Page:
Little Monsters (Vestron Video Collector's Series) Blu-ray Review: A Fun Romp for Children

A film created with a kid's, specifically a young boy's, sensibilities.
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Richard Alan Greenberg's Little Monsters (1989) is definitely a kid's film. Not a family film nor a film for young children, but a film created with a kid's, specifically a young boy's, sensibilities, and in that sense it succeeds.

Eleven-year-old Brian Stevenson (Fred Savage) and his family have just moved into a new home. Something suspicious happens in the middle of the night. His father Glen (Daniel Stern) assumes it was Brian, but Brian's younger brother Eric (Ben Savage) claims it was a monster. To prove his brother wrong, Brian sleeps in his bedroom only to discover a blue-skinned monster named Maurice (Howie Mandel). They become friends and Maurice reveals to Brian a monster underworld that is reminiscent of Pleasure Island from Pinocchio if it were run by Beetlejuice. It is kid's dream filled with games and junk food and it lacks parental supervision so everyone can do what they want.

At first, Brian has a blast befriending Maurice, even when Maurice pranks the school bully by pissing in his apple juice; however, when they venture out with a group of monsters to scare an infant, it's too much for Brian and being a monster no longer seems fun. His rejection leads another monster to kidnap Glen, who Brian has to rescue, which is complicated because Brian discovers he's turning into a monster.

Little Monsters presents a familiar story about a boy discovering a world without rules or parents can only be fun for so long. The plot offers an interesting twist about Maurice's motives not being all that they seem, but then things confusing as when the villain, Boy (Frank Whaley) is introduced. He seems to want Brian specifically although it's not clear why he would want one kid over another. The rules of the monster underworld are explained by magic, which means they don't have to be explained.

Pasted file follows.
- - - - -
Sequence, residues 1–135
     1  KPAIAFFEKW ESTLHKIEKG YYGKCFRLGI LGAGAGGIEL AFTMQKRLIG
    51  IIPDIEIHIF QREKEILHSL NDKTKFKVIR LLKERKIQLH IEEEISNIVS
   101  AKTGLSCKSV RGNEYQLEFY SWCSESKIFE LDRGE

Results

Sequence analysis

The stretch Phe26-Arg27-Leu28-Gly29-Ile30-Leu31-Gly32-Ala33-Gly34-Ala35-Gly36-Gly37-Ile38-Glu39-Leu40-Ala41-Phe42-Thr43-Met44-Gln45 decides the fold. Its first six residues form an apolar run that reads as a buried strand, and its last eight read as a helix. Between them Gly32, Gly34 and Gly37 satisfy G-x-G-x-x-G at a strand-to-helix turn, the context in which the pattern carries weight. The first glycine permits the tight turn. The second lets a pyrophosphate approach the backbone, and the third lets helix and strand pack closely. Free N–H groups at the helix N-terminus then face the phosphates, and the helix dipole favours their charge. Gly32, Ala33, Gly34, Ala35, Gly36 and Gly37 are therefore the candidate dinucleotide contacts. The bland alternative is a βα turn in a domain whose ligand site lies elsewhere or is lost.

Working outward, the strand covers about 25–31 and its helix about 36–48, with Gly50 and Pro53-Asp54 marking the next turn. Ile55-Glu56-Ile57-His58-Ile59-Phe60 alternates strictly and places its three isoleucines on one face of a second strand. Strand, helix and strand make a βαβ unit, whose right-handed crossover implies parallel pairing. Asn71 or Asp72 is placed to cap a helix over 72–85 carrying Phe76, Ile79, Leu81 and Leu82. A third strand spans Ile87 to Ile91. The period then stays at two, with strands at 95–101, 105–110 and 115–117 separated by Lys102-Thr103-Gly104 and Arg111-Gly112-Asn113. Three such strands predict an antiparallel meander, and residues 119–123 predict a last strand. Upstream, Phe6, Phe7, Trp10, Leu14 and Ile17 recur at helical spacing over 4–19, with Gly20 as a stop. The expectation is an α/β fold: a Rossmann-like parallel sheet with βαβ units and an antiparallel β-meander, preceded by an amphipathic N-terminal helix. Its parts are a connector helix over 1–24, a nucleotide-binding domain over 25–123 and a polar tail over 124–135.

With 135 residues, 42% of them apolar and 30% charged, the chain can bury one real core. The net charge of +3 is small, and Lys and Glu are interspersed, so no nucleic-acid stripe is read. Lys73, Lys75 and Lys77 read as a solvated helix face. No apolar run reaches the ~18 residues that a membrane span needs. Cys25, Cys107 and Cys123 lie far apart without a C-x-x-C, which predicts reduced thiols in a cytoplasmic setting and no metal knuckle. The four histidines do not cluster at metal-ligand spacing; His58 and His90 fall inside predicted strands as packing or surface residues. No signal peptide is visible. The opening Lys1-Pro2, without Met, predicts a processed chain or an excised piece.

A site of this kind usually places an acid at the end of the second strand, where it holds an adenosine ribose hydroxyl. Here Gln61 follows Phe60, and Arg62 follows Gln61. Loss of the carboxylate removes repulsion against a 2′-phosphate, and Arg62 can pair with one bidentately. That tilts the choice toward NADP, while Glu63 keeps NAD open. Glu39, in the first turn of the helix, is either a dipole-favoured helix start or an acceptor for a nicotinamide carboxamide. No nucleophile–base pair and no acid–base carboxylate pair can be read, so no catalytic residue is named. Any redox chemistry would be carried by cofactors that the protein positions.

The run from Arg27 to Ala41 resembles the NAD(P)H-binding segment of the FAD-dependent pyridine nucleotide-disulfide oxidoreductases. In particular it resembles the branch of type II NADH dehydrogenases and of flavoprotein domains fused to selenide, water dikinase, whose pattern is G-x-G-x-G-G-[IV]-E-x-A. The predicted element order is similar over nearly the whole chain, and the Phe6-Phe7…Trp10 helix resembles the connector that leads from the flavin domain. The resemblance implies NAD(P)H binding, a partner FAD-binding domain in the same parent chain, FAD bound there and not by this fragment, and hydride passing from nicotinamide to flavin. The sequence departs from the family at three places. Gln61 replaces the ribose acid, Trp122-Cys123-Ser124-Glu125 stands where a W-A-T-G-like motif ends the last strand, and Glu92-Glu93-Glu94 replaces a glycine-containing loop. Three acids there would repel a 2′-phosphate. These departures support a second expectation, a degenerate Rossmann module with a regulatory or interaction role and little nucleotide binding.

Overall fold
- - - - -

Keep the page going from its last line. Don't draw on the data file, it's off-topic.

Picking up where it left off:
Fred Savage embodies the character well and never feels like he's acting. It's a treat to see him on screen with Daniel Stern, who plays his future self on The Wonder Years. Howie Mandel brings the right amount of manic energy to Maurice. The production design team led by Paul Peters do a fantastic job creating the monster underworld.

The video has been given a 1080p AVC/MPEG-4 encoded transfer displayed at aspect ratio of 1.78:1. Color hues are bright. Blacks are inky, but can crush, especially in dark monster underworld sequences. Image exhibits film grain, which gets too busy in some scenes, like when Brian's mom gives him a flashlight. Occasional white specks are noticeable.

The audio is available in DTS-HD Master Audio. The dialogue is clear and comes from the front speaker. David Newman's score fills the surrounds, but the music during the sequence of Brian setting traps causes the subwoofer to distort.

There are new special features. The ones with video are in HD:

  • Audio Commentary with Jarret Gahan, Editor-in-Chief of CultofMonster.com
  • Isolated Score Selections and Audio Interview with Composer David Newman
  • "Call Him Maurice" (19 min) - Actor Howie Mandel discusses working on the film, amusing.
  • "Beneath the Bed" (14 min) - Producer Andrew Licht talks about what it took to make the film. Very informative about the business, including tidbits that Brad Bird and Macaulay Culkin were almost involved.
  • "Monsters Big & Small" (15 min) - Special Makeup Effects Creator Robert Short offers his entry and early career in show business, started as a stunt man. Includes archival material.

As well as old special features in SD:

  • Vintage Interviews (SD, 29 min) with Actors Fred Savage, Ben Savage, Special Makeup Effects Creator Robert Short, and Director Richard Alan Greenberg
  • Behind-the-Scenes Footage (SD, 12 min)
  • "Making Maurice" (SD, 16 min) - Vintage Footage of Howie Mandel's Makeup Transformation
  • Vintage EPK & VHS Promo (SD, 9 min)
  • Theatrical Trailer (SD, 1 min)
  • Still Gallery

Little Monsters is a fun romp for children, but adults with no nostalgic attachment to it might find it too silly and gross. The Blu-ray from Vestron Video offers a satisfactory high-def presentation and a number of special features that will please fans wanting to learn more about it.

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